The building represents a structure in the form of spiral implementation. It pays tribute to Wright’s ability to use materials and constructive decisions on design in an optimal proportion. The building follows the main principle of Wright, as a follower of Unitarian School. It is meant here that the central core is supported with cantilevered floors in the building (Hearn 68). This construction provides an optimal load of weight on each point of the building coming from the central pivotal part. The author himself called this creation, “From Within Outward”. Thus, one should follow the initial motives driving Wright toward the new triumph of mind and constructive thinking.

The tower of spiral form is somewhat new to the previous works by Frank Lloyd Wright (it relates mainly to Prairie Houses by him). However, in the sum of all methods and techniques proposed by Wright, there is a rationale in using a concentric structure with radiant sides maintained in the form of a shallow ground floor. It helps visitors have keen senses based on aesthetical tastes. It is applicable, as the museum was designed to house lots of different paintings.

Guggenheim Museum
Solomon R. Guggenheim Museum, front view
General working drawing of Solomon R. Guggenheim
General working drawing of Solomon R. Guggenheim, upper view

Wright tried to combine his peculiar style in building, meaning organic architecture, with an invention of a new technique in using space and materials in a new dimension. This peculiarity of the architect is implied in the preliminary scheme of the building. Four radiant sides are connected in the round pivot of the spiral ramp. Such a decision apportions the weight of the construction equally on all sides. Moreover, it manifests the central part, i.e. tower, as the hallmark for the stability of the building by different physical factors (rain, wind, floods, etc.).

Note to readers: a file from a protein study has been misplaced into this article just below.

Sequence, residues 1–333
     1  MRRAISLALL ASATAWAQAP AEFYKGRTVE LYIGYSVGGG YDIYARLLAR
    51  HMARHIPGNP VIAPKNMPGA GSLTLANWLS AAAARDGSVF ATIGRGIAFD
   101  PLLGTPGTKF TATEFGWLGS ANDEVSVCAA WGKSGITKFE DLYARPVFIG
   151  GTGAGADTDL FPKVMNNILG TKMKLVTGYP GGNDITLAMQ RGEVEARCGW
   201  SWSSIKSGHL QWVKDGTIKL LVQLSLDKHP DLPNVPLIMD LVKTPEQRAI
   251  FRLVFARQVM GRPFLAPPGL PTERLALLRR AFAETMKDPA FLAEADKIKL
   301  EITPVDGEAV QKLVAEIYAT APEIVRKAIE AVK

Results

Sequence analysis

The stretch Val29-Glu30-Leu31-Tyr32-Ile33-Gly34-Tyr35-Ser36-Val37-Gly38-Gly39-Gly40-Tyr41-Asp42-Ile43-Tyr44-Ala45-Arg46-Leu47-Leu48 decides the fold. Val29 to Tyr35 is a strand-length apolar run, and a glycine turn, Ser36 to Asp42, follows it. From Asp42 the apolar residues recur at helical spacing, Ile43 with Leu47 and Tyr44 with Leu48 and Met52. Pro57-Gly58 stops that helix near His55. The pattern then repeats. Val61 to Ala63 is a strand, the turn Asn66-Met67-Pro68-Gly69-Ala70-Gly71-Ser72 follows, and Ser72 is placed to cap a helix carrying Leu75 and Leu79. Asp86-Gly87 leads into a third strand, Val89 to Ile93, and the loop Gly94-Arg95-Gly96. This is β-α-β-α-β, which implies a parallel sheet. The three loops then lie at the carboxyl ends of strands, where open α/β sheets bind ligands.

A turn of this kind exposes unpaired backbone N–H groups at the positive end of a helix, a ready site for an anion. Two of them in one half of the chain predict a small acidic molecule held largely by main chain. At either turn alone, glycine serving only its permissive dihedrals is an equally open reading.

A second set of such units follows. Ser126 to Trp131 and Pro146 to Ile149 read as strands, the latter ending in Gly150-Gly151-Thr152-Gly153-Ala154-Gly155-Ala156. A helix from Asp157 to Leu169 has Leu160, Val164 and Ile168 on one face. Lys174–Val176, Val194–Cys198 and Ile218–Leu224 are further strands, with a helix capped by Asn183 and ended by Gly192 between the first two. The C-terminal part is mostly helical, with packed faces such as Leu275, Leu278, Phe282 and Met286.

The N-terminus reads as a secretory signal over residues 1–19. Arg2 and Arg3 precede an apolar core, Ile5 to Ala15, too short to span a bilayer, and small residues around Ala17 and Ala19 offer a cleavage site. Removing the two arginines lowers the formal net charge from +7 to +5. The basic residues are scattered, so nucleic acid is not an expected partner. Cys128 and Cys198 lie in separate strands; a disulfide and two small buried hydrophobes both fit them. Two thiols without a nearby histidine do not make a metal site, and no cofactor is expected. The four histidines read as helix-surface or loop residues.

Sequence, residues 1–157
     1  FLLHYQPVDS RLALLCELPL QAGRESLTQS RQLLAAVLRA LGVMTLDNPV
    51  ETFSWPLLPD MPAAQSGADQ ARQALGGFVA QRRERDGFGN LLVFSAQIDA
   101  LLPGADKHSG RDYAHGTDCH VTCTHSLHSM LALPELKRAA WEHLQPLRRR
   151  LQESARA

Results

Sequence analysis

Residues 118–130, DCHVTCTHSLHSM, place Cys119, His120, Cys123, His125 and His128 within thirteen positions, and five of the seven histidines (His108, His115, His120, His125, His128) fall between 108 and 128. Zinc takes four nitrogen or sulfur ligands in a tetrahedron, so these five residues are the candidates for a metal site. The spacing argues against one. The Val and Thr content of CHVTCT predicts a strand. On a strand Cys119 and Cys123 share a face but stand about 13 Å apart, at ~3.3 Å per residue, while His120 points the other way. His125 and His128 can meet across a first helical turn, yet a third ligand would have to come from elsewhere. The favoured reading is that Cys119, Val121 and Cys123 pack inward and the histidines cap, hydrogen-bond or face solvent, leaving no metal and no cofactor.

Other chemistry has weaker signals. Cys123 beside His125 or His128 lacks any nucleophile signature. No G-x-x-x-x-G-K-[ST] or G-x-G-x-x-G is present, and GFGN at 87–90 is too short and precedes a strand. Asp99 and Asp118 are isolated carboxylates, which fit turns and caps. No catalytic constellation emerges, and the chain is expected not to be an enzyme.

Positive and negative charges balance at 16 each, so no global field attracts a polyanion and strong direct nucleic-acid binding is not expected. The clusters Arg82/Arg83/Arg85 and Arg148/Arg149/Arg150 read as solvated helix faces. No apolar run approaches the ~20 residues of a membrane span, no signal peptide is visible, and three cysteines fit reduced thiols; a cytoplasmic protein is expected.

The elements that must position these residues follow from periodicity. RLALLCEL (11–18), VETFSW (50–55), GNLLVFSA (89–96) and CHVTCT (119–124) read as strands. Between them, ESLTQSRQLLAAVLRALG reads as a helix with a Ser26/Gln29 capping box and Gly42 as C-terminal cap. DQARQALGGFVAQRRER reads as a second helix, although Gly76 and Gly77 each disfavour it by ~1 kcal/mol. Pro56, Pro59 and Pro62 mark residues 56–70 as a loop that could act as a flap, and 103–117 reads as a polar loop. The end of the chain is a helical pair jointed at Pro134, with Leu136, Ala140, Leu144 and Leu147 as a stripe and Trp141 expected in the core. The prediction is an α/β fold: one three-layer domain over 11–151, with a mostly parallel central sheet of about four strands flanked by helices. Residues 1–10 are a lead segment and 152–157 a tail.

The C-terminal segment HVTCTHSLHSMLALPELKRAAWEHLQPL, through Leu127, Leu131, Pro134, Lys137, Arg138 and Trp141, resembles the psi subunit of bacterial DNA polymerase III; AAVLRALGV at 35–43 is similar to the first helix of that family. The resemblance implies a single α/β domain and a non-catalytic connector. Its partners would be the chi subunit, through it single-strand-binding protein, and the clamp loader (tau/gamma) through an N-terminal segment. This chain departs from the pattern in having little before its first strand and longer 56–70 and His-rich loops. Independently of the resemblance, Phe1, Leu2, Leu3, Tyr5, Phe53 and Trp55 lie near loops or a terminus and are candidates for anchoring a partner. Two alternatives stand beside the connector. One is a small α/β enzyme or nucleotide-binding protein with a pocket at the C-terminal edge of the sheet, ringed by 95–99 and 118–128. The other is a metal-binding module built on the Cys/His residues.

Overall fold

However, the building had slanting walls due to the spiral performance of the tower that contradicted hanging pictures conveniently. In this respect, the streams of Modernists ideas are felt in Wright’s design. His urge for making something unusual and going apart with generally accepted principles allegedly repeats the conceptual peculiarity of Modernism, as such. Also, the ivory color of walls was discredited by such architects, as Sweeny (Quinan 470). Two main elements were used by Wright during many years of the creation of this building, namely Unitarian philosophy and passion for geometry (Quinan 470). The construction is magnificent in its exterior and interior parts. In its general outlook, it repeats technological approaches from the past (it will be discussed a bit later). Guggenheim agreed to follow Wright’s Unitarian view on designing this museum. It is one of the most popular places for sightseeing in Manhattan, New York.